By Theo DeRoth
I knew I liked Realism the moment I heard the
opening of The Unknown, the third track on the album. Unlike
Realist and Statik, the previous two tracks, it begins softly,
with a tiny, beautiful, music-box sound. This soon fades into a dark forest of
synth, and is joined by an enchanting female vocal. Suddenly a low, gnome-like
voice joins in. Then the beat picks up and the song really starts.
This opening is what characterize Sterils
Realism and makes it interesting, rather than another drum machine.
While the sound is often angry and industrial, there are moments of beauty
reminiscent of the early 4AD sound.
But the anger of Mähne Meenen, Sterils lead
vocalist, is incredible. His voice is raw and strong when he sings and carries
the wrath of a Lovecraftian god when he shouts. Its really something. And
this is in keeping with the rest of the music. Jan Wilking and Axel Tasler, the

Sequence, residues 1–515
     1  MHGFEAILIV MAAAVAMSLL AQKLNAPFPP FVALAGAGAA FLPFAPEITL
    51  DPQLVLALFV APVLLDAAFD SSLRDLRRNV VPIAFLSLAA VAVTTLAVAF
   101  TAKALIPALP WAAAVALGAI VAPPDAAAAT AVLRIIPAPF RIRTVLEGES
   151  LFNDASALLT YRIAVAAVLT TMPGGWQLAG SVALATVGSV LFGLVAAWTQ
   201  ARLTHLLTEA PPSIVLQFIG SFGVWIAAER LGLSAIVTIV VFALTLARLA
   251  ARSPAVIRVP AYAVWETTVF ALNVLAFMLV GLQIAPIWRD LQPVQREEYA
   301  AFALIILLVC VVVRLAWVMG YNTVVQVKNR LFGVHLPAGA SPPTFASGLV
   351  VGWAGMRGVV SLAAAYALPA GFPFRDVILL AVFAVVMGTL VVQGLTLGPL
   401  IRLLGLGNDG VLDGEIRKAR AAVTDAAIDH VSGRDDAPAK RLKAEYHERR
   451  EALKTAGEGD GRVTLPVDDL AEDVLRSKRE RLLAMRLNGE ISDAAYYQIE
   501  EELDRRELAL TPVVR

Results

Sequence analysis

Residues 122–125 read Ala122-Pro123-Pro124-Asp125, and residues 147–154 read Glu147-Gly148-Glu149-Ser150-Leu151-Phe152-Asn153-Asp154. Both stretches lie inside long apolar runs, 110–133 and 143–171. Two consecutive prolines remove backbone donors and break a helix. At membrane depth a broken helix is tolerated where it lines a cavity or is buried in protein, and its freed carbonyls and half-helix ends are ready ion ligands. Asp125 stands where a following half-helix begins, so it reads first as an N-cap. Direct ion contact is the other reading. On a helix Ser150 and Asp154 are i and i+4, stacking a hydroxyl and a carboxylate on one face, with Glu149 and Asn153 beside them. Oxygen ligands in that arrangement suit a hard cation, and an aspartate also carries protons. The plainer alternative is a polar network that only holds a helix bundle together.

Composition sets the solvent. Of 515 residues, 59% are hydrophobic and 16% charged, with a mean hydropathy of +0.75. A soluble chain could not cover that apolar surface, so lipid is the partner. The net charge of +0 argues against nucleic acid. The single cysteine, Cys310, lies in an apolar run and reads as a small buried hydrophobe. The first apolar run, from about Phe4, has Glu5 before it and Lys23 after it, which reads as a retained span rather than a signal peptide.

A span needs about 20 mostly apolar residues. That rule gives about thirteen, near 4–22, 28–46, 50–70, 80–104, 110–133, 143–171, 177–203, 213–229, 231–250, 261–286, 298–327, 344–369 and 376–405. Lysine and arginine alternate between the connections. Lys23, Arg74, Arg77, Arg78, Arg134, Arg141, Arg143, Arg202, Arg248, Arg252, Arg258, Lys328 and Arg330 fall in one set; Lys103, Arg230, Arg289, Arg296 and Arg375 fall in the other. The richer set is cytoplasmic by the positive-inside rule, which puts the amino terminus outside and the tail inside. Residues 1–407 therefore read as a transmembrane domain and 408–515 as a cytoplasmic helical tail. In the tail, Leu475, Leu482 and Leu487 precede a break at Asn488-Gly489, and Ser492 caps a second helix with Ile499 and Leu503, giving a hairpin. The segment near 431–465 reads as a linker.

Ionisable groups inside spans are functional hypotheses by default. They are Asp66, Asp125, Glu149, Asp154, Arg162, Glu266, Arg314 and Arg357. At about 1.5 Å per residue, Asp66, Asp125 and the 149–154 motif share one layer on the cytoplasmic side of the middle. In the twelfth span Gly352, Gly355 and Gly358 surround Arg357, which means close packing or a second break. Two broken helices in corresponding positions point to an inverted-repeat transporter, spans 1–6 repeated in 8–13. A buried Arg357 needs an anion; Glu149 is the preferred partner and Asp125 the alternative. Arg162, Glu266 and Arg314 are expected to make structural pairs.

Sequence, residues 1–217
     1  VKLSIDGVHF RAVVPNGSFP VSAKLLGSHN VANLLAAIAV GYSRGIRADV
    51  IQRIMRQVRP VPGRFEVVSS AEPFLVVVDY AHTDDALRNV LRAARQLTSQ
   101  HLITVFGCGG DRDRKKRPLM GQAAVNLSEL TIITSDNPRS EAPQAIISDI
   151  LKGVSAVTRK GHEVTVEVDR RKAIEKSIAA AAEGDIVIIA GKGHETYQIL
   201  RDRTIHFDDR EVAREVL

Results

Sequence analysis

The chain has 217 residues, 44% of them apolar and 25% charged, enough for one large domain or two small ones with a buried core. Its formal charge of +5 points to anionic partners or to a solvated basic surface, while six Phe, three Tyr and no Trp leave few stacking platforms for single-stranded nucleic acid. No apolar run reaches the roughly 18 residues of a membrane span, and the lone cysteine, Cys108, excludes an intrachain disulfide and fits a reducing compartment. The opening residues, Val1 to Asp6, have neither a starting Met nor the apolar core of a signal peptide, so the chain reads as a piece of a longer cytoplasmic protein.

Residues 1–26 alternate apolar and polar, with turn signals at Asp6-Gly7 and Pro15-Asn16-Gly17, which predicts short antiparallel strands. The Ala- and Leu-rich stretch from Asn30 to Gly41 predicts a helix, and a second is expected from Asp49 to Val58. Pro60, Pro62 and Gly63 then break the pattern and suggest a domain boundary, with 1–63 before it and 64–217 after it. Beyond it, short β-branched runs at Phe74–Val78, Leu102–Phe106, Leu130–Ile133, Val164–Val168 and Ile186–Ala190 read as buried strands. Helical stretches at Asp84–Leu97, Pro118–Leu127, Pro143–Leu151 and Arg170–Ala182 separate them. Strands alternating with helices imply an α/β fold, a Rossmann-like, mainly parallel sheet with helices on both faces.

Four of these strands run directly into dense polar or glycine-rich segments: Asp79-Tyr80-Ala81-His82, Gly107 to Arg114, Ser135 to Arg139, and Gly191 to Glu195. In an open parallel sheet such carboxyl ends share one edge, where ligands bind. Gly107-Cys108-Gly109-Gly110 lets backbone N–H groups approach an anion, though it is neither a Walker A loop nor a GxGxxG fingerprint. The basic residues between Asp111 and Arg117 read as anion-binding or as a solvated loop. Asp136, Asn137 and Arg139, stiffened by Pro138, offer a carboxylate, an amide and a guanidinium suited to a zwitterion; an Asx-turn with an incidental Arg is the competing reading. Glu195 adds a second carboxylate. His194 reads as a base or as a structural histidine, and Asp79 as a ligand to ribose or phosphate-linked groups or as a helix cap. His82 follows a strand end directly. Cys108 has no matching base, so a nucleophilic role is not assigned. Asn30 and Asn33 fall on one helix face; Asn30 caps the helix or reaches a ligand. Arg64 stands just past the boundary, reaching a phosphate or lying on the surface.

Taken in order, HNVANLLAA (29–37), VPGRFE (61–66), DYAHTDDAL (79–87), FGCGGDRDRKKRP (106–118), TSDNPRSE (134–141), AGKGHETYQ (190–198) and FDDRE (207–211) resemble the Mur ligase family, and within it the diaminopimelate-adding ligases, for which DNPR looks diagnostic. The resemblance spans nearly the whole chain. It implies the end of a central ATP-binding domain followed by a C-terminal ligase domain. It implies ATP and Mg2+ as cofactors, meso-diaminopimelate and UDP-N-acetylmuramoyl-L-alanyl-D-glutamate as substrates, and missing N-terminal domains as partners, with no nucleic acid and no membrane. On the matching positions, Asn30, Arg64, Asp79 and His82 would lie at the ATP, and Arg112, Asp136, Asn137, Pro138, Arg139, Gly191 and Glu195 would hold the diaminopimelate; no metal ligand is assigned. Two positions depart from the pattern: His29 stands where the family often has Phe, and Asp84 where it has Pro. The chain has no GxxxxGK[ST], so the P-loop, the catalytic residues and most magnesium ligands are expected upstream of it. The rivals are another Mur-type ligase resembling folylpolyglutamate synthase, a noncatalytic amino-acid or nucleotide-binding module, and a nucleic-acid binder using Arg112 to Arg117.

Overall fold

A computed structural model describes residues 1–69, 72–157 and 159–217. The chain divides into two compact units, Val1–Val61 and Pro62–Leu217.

bands guitarist and keyboardist respectively, as well as the joint
programmers, do an excellent job.
Actually, if any fault is to be found with the album,
its with the lyrics. While sometimes theyre quite interesting
Swordsmen of the Crown reminds one of Dying Earth-style science
fiction a la M. John Harrison too often they simply express a rather
hackneyed political viewpoint or post-modern angst that this reviewer finds
dull. However, the music that surrounds the lyrics is so powerful yet delicate,
rich but strong, that what theyre actually saying hardly matters.
This album creates frightful soundscapes, conjuring images
of blasted cities and evil machines. If this is the kind of thing you like,
then I suggest that you go straight to Amazon and buy it.
Post: Box 68039, RPO Osborne Village, Winnipeg, MB, R3L 2V9, Canada
Phone: (905) 707-6283
Click to Buy!